Unhitching all that requires skills taught nowhere. 

Unhitching all that – which is what divorce means – is as war and is as painful as can be even if it’s desired and necessary. 

But, alas. These things are mutually developed. Blaming the controlling party only goes so far. 

He or she was permitted such ploys by the partner – with or without awareness. 

You entered it together. You have to escape (unhitch)  alone. 

Divorce is legal. He or she has no authority to reign in the dissolved, non-existent relationship. 

The only legal connection will be determined by what the courts declare regarding the parenting of minor children. 

Stay out of control. Speak up. Resist. Refuse. Access your backbone, voice, and courage. If you accommodate controlling behavior it will grow. If you refuse to water it, it will react and fight but it will die and both parties will be better off. 

No one benefits from arm-wrestle living, not the stronger or the apparently weaker.

December 13, 2020

Common post-divorce themes

by Rod Smith

Theme: I have been divorced several years. My young-adult children do not like the man I am dating.

My response: In decades of listening to people, many of them facing this and parallel situations, I will say it is extraordinarily rare for sons and daughters (all ages) to embrace the person a mother or father dates post divorce. Resistance, rejection – subtle or gross – are common and understandable reactions. 

I’d suggest you “obey” your children. End the relationship. But, do this only if your children will agree to similar choosing, vetting, endorsing on your part about whomever they choose to date and/or marry from this day forward, forevermore. You may want to go all out and suggest the entire family agrees to arranging all of each other’s relationships – intimate to casual – from here on out. Agree to always Gate-Keep for each other.

Unless the person you are dating is married (which is another matter completely) then I’d suggest you be very kind and patiently suggest your sons and daughters honor your choices and begin to learn to celebrate that their parent has found sufficient healing, sufficient post-divorce repair, to even want to date and enjoy a “new” relationship.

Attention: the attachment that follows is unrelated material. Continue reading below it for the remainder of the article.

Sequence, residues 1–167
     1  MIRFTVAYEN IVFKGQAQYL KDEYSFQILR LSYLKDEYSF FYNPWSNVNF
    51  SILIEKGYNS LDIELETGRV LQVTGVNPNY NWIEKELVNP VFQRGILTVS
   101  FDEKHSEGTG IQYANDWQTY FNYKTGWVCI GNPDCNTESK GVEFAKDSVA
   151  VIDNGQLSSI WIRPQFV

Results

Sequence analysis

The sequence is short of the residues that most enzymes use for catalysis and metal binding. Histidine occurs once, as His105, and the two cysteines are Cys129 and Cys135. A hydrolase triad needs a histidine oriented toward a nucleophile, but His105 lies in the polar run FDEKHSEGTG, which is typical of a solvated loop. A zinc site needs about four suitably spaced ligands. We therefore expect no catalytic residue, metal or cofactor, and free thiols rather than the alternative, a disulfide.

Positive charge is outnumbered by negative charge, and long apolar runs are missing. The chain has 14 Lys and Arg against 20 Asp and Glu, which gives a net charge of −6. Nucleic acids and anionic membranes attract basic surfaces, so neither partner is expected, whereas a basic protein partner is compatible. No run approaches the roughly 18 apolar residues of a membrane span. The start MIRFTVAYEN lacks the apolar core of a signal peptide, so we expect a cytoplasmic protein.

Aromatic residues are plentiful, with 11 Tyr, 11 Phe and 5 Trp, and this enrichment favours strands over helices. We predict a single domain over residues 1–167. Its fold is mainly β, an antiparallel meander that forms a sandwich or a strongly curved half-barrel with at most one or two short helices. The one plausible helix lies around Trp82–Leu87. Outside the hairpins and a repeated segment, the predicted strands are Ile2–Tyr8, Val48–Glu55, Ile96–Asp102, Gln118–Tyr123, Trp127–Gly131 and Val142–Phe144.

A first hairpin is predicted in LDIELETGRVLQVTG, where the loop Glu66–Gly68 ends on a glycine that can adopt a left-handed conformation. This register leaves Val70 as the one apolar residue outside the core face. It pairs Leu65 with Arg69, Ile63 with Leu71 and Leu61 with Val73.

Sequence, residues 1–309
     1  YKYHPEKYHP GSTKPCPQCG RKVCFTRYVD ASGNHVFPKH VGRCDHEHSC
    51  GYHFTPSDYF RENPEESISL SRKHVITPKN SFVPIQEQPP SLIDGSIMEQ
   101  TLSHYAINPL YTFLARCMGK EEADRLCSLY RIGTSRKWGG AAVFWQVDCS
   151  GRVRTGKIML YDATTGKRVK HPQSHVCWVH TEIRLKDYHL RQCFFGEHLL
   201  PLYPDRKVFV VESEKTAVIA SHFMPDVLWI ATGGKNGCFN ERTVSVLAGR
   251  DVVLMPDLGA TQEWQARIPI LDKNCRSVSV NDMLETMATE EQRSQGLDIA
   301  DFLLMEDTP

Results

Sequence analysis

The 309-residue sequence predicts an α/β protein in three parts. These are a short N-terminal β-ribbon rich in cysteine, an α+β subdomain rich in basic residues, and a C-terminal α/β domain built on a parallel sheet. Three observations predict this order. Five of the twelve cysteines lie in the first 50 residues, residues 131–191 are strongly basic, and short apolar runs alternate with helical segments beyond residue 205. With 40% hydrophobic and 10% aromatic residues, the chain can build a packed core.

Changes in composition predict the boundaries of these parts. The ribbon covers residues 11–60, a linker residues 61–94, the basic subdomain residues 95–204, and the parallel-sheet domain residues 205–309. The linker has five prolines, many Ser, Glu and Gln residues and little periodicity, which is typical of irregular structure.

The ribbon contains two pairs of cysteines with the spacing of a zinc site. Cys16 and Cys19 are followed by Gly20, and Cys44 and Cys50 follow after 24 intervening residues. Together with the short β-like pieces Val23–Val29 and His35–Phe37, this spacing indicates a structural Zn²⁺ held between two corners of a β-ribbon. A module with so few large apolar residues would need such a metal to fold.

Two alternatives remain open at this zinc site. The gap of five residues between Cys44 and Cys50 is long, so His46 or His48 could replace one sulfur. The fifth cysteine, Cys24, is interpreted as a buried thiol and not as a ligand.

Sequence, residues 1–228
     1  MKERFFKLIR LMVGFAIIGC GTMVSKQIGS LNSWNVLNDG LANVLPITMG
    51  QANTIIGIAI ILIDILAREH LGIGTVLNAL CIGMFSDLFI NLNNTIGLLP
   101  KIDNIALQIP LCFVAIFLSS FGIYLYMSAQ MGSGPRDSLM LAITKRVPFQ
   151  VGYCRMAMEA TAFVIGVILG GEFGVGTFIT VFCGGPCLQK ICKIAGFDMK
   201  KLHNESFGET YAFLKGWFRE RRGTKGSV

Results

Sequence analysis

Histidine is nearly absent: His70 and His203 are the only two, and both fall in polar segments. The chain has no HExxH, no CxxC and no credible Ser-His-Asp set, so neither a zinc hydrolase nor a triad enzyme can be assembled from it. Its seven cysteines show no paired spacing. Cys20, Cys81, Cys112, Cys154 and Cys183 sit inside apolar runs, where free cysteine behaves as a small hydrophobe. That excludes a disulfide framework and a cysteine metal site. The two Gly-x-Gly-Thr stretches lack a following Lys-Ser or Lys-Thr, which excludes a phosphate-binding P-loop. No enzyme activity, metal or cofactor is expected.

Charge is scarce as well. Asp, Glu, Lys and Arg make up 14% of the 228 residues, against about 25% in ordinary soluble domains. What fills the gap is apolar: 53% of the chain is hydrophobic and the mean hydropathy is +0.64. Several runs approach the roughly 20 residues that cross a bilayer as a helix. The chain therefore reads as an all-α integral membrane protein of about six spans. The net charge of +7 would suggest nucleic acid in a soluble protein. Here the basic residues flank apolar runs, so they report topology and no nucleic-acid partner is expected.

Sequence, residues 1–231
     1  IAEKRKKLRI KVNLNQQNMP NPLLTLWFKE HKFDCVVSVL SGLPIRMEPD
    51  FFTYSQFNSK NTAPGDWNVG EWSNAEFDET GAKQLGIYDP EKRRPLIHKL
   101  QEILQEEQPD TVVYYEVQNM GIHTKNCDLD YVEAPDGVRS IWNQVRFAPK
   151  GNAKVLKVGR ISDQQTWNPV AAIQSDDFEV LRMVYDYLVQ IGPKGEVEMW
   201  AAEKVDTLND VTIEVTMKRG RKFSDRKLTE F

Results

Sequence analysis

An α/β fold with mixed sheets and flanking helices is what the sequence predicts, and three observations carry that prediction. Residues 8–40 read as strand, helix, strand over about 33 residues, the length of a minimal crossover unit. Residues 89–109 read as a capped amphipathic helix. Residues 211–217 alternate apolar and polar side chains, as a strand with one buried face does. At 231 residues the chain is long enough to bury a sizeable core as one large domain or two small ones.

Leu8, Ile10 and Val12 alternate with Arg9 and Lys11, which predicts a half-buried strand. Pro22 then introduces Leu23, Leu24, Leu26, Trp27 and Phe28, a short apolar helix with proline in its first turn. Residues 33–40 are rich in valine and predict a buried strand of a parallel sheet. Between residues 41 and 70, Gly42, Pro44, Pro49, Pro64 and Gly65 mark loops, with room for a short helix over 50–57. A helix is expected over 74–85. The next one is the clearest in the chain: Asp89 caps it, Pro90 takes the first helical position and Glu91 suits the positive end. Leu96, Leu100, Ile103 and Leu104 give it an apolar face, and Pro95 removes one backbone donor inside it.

May you find real joy. 

Don’t let young adult children – or younger or older – rob you of your adventures.   

December 7, 2020

Teach your children

by Rod Smith

Parents, please teach your children as I try to teach mine….

• There is no substitute for hard work. If you cut corners, avoid doing things well, you will probably have to pay for it in the future.

• “Please” and “thank you” are beautiful words and they should be used as often as possible.

• Don’t interrupt adults who are having a conversation – and saying “excuse me” as you interrupt doesn’t make the interruption acceptable.

• Wear clean clothes, use deodorant, and brush your teeth – do all this without having to be reminded.

• Stand up for adults when they enter a room; offer your seat to adults if all seats are taken, open doors for adults. Stand back.

• Ask politely for what you need; don’t demand what you need.

• Listen when people talk to you. Checking your phone in the middle of a face-to-face conversation is rude.

• Although you may not think it is so, your elders have a lot to teach you and you have a lot to learn.

• When you are more aware of your rights than you are aware of your responsibilities the imbalance will ultimately lead you into trouble.

• Earn more money than you spend – it’s as simple as that – or you will land yourself in trouble.